Review: Peugeot Metropolis 400i RXR 2017 Road Test
reviewed 1 Dec 2017 by Al Suttie






Very stable scooter

Confidence inspiring

Wind protection

The Metropolis 400i is Peugeot’s answer to the Piaggio MP3, with two front wheels and a tilting mechanism, giving the feel of a scooter through bends, but with reassuring stability of a trike. It also has the benefit of being compatible with some car licences – meaning you won’t need to take a motorcycle test to ride one.

Only some car licences, though. If you passed after January 19 2013 you’re out of luck, since the law changed then to clarify what driver's licence categories meant across the European Union. So, instead of trikes being reagarded as cars they became motorcycles. For everyone else, you can simply get on and go – though we wouldn’t recommend that unless you’ve at least undertaken CBT training.

That’s because the Metropolis 400i shares nothing with a car and is very much a scooter. It feels like one, it rides like one and it’s as practical as one. There are a few extra controls, including a switch to lock the bike upright when it’s stationary, an extra foot-operated brake and an electric parking brake, but aside from that it’s just a big scooter.

A very stable scooter, too. Through corners the Metropolis is really confidence inspiring – you can crank it over into turns with almost carefree abandon. That’s especially useful in bad weather, where the extra grip offered by an additional front wheel is very welcome indeed. For winter commuters, it’s great.

There are a few other features that help out in bad weather; the windscreen can be raised to provide better wind protection, while the linked brakes (with ABS on pricier versions) and traction control mean you can stop quickly and neatly, even if the road is damp. The wide leg shield should also keep your lower body warm and dry, too.

The width and length of the Metropolis does pose a few problems when filtering though traffic. It’s still possible, but a bit more attention is needed than when riding a skinny two-wheeler. But, once you get to the front of a queue you’ll have no problems outpacing cars from the lights because the Metropolis is pretty nippy.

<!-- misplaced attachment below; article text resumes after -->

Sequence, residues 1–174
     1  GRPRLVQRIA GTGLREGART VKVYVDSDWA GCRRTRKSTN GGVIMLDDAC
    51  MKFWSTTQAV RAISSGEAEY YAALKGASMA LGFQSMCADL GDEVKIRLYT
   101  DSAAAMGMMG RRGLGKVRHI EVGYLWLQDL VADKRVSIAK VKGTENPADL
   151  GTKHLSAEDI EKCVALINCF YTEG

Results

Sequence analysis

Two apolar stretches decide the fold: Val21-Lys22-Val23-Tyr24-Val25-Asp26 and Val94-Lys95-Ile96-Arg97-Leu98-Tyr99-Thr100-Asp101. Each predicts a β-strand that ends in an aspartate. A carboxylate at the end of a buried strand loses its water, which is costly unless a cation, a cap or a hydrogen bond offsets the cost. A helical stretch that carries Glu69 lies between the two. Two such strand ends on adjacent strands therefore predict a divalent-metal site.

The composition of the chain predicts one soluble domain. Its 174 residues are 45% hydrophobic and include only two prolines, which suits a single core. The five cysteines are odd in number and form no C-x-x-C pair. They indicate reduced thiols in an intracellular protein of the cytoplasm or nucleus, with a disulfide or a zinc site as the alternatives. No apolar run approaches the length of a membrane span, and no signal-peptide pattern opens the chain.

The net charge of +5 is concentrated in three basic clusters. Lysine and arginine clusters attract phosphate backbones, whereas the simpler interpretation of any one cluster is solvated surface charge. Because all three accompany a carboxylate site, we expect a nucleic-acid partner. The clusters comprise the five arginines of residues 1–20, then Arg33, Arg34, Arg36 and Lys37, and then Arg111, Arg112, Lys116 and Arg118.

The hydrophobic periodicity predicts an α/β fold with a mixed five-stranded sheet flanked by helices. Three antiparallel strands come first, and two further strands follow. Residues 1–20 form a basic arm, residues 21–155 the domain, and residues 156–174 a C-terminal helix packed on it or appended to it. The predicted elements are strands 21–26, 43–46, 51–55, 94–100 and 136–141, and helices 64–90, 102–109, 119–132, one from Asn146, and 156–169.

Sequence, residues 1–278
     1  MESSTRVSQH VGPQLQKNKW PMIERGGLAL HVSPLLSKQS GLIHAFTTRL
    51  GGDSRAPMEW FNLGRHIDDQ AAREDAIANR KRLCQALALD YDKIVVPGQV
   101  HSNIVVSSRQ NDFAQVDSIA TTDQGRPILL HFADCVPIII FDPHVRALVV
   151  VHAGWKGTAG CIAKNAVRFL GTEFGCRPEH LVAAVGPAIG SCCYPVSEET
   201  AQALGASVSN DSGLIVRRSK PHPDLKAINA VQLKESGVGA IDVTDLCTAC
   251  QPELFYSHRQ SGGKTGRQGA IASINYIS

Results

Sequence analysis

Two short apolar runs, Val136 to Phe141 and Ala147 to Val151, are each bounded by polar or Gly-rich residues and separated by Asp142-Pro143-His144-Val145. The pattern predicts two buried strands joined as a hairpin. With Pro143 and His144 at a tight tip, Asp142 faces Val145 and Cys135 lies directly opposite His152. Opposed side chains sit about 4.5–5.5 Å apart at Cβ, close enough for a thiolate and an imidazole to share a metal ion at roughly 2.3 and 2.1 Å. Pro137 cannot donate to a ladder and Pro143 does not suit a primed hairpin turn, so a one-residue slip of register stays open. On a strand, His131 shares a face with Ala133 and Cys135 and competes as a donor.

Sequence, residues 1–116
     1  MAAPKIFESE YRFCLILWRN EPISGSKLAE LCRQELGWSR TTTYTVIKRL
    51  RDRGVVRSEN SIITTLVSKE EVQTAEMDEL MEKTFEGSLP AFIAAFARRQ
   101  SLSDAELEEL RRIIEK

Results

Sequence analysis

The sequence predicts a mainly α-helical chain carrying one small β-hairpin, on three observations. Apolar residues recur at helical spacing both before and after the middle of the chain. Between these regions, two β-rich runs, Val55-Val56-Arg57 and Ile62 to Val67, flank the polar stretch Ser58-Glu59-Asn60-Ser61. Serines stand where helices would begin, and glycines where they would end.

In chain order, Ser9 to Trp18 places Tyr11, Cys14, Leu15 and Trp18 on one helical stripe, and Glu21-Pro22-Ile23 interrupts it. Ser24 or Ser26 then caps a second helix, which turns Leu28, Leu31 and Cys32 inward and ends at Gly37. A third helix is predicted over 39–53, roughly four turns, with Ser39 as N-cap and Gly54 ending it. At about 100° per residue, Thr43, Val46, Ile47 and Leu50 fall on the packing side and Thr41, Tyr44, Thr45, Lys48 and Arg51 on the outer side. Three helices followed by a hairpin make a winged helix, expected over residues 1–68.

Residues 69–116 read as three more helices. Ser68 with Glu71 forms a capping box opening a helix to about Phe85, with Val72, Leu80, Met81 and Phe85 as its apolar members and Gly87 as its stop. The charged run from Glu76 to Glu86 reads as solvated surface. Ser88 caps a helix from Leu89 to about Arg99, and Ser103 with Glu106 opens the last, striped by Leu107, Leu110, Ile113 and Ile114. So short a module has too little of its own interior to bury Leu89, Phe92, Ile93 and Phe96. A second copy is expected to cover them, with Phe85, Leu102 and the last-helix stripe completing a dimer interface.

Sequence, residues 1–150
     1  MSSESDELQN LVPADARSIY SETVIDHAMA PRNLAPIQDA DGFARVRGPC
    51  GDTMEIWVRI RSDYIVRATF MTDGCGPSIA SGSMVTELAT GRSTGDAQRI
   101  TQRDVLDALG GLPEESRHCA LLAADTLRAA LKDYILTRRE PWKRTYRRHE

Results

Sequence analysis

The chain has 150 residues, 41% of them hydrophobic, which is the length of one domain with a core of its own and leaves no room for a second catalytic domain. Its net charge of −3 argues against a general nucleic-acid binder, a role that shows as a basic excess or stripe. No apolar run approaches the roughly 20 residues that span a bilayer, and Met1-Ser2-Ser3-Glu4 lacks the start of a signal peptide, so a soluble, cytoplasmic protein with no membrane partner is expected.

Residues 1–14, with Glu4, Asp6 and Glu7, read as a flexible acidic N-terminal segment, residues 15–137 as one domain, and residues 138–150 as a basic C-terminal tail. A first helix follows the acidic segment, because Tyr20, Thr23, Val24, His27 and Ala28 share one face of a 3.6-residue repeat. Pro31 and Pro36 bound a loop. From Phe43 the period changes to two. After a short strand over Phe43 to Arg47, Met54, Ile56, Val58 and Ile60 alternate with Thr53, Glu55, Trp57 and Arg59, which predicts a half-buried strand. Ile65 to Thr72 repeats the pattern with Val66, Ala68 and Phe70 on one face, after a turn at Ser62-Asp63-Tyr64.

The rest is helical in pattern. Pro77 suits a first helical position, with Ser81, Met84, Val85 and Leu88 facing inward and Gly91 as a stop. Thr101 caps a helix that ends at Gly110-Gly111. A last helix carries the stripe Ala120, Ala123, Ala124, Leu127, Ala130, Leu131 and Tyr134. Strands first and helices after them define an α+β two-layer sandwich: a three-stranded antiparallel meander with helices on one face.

With 37PS on tap it’ll beat most other vehicles up to 30mph, despite its fairly hefty weight, plus it’ll cruise along happily at motorway speeds, with some power in reserve to pass slow traffic. That’s even the case with a passenger on the back – and they’ll be quite comfortable there thanks to the spacious seat and foot rests.

Unfortunately, it’s not quite so great on a twisting country lane. While there is lots of grip and you can confidently lean into corners, the Metropolis isn’t very agile when it comes to sudden direction changes, while the suspension sometimes feels a bit harsh and bouncy over uneven surfaces or potholes, especially mid-corner. Still, it’s fine for the urban roads it’s most likely to be used on.

If you want to use the Metropolis for shopping and commuting, you’ll be pleased by the amount of storage. There’s room in the rear, remotely-opened storage locker for a full-face helmet, plus space for a few bags of shopping underneath the seat. There’s a bag hook, too, plus a couple of cubby holes and a charging port for your phone or nav.

The Metropolis is cheaper and slightly less powerful than the Piaggio MP3 500 and a similar price to the less plush, slower MP3 300. That makes it a smart alternative to those two bikes and one we would probably pick over both, if given the choice. But that’s disregarding a very important point.

That is, if you passed your car driving test after 19 January 2013 then you’ll need a full, category A2 bike licence to ride the Metropolis. If that’s the case, then there are plenty of two-wheeled competitors we’d pick over this bike – machines like the Suzuki Burgman 400, which is £1000 cheaper.

Still, if you’re sick of watching scooters whizz past you in standing city traffic every morning on your way to work – and if your car licence permits – the Metropolis is great. It’ll let you join the ranks of two-wheeled (or three-wheeled), nothing-can-stop-us scooter riders, without settling for a slow 125 with L plates or taking your full bike test. That’s a nice loophole to exploit - but we would defintely recommend you undertake a CBT test before riding.

The Peugeot Metropolis is on sale now

Pros Loads of storage Can be ridden on a car licence (if passed before 2013)
Cons Alternatives are cheaper


The Peugeot Metropolis range costs from £7499.

It costs £7799 with ABS. Model tested is the RXR, priced at £7899.

Peugeot Metropolis 400i (400cc) liquid-cooled single cylinder, fuel injected, CVT automatic transmission; 37PS. Torque figure not quoted - 38Nm estimated. 

Overall length: 2152mm
Overall width: 775mm
Wheelbase: 1555mm
Seat height: 780mm
Kerb weight:
Tank capacity: 13 litres

Peugeot Metropolis 400i: Top speed 90mph (estimated). Fuel consumption 70mpg (estimated), Annual VED £41.

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